Homily

Alleluia, Alleluia, Alleluia.

This is a day we have been waiting for several months. I thought of setting off firecrackers or having a cloud of paper pieces descend from the ceiling of the church to celebrate that Easter was here. What a momentous day this is because we heard from scripture that Jesus fulfilled his promise and was raised from the dead. It was important to the disciples because now they knew that Jesus was God. Now they knew that that what he said was true.

It is important to remember that the disciples were in disarray and were filled with unmistakable grief because their friend and teacher, Jesus, was brutally killed on the cross and was dead. He had been placed in a tomb and the stone was rolled across the entrance. It was Mary of Magdala who went to the tomb early, while it was still dark, to grieve at the tomb. She was the brave disciple who went when it was dark, although was frightened, to be near to the man she loved and respected to be near his body.

Can you imagine her confusion and terrible fear as she walked near the tomb? The very large stone had been rolled back. I wonder if she looked in to see if Jesus was there. In Jerusalem I have seen the tombs like the one the guards would have put Jesus in. The stones are huge and round and are rolled in place by strong men to cover the entrance to the tomb. It would have been very startling to see the open tomb.

She was very frightened but she had the courage about her to run to where Simon Peter was and told him that Jesus had been removed from the tomb and that she did not know where he was. The courageous Mary of Magdala had gone by herself, driven by great love, to be close to Jesus. Peter followed her towards the tomb to see for himself.

When Peter went into the tomb all he found were the burial clothes rolled up and put in different places within the tomb. There was no Jesus!! Peter could not find him!! As scripture says they did not understand that "Jesus he had yet to rise from the dead". Peter and other disciple could not fathom what had happened.

We know what happened after that because of the telling and retelling of the stories by the people who were there. The sources we use are the Sacred Scripture. But even with this there was much, much more of the life of Jesus that we will never know because it did become written down. During the next weeks you will appreciate the disciples seeing Jesus time after time until they finally realized the true significance of the Resurrection. Be like a pilgrim during the next weeks and listen carefully to how the disciples really began to understand the meaning of the death and resurrection.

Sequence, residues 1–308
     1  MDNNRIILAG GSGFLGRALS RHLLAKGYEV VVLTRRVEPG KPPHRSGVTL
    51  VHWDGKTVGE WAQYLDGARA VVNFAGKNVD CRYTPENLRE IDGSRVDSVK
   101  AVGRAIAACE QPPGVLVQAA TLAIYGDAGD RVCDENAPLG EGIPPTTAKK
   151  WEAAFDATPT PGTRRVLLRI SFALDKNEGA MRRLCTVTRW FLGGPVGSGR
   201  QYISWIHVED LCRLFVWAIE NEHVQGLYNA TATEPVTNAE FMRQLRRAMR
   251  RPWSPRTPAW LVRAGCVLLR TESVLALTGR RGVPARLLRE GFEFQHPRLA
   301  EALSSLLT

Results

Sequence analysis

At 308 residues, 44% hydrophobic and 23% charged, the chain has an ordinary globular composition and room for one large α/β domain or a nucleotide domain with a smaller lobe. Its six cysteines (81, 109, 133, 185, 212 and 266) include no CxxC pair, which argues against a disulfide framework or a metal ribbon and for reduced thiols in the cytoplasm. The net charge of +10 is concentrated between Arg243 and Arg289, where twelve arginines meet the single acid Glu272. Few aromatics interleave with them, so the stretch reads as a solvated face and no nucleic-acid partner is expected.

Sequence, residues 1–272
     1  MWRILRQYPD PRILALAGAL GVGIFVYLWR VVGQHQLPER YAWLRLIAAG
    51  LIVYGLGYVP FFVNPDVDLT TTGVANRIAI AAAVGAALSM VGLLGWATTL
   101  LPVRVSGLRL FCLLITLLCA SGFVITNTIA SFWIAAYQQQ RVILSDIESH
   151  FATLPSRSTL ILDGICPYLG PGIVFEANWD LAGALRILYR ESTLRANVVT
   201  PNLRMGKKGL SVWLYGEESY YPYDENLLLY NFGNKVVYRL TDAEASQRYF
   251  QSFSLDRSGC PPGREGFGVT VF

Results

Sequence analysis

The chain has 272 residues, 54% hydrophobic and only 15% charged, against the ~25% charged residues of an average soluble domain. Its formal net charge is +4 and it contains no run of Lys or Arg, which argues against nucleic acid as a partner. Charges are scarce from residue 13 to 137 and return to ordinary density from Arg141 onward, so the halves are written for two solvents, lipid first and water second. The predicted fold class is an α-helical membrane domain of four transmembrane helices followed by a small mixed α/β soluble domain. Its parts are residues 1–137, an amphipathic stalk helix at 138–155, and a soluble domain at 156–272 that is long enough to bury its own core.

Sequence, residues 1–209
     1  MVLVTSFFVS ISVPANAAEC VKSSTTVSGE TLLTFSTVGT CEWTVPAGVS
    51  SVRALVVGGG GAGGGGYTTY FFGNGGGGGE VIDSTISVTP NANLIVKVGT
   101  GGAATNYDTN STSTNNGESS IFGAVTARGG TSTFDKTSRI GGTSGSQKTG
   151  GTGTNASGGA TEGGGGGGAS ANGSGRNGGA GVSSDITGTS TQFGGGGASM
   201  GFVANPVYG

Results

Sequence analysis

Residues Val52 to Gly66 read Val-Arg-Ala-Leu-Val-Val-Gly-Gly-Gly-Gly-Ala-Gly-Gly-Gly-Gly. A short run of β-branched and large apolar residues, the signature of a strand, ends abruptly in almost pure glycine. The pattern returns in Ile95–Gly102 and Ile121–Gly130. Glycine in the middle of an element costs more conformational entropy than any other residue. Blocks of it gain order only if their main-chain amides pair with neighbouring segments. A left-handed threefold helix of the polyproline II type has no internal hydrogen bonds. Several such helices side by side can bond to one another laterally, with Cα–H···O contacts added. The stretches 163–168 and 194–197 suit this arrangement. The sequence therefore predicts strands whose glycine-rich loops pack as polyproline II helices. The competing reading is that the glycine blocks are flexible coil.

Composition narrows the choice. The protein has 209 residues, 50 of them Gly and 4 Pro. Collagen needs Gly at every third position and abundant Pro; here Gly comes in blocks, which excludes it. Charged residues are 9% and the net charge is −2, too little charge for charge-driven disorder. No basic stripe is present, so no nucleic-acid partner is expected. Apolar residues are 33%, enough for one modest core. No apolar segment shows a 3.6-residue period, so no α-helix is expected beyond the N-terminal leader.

Today I would like to remember some of the teachings of Jesus and how we can imitate his life. Do you remember how he healed the people who were sick and the people that seemed mentally deranged? Jesus wanted the ones who were ill and needy to gather around him. If they could not come to him, Jesus would go to them. Healing of the lepers was a good example of healing. Jesus would go toward these people who needed healing and touch them. His disciples were aghast that he went against the law and common sense to heal the people that society had literally made laws that they were to stay away from the other members of the community.

Remember too that Jesus healed and had compassion for the people that were demonic/ mentally ill. He sought them out and was not afraid of them. He listened to them and healed them. These were the people that were outside of society. They thought differently and behaved in ways society thought was strange and unusual. Were these people really mentally ill or did they act in ways that made people afraid of them? Jesus repeatedly reached out to the different, the strange, the ill, and the poor. He was always compassionate. He always was speaking with the people that were not like the mainstream of society. Compassion was his calling card. Compassion is what we remember and are asked to duplicate.

The last few weeks have shown me that change is always possible. I watched the voting and naming of the new Pope Francis. Of course I was concerned about the lack of women in the discerning process, but I tried not to be angry and sad at the same time. When the new Pope Francis was elected I became aware that this seems to be a new pope. This week I learned that the pope was breaking away from an old tradition of washing feet on Holy Thursday. Instead of washing the feet of his brother priests and cardinals, he had decided to go to a prison and wash the feet of prisoners. Today I read in the paper that not only had he washed the feet of prisoners, two of the prisoners were women. He changed a holy tradition in the Vatican by not only washing the feet of people who were charged with crimes but changed the tradition by including women in the service. Francis acted very compassionate by making decisions that to me reflect the teachings of Jesus.

Compassion and love are to be at the center of our lives as well. Reaching out to the poor, the outcast, the prisoners, the mentally ill, and to our community of Jesus Our Shepherd is what we are all called to do. We are not just to act sometimes but all of the time. Compassion is needed for ourselves and to others in our life. To live this way means that we will be able to imitate Jesus more and more.

I know we are up to the challenge. Let us forge ahead.

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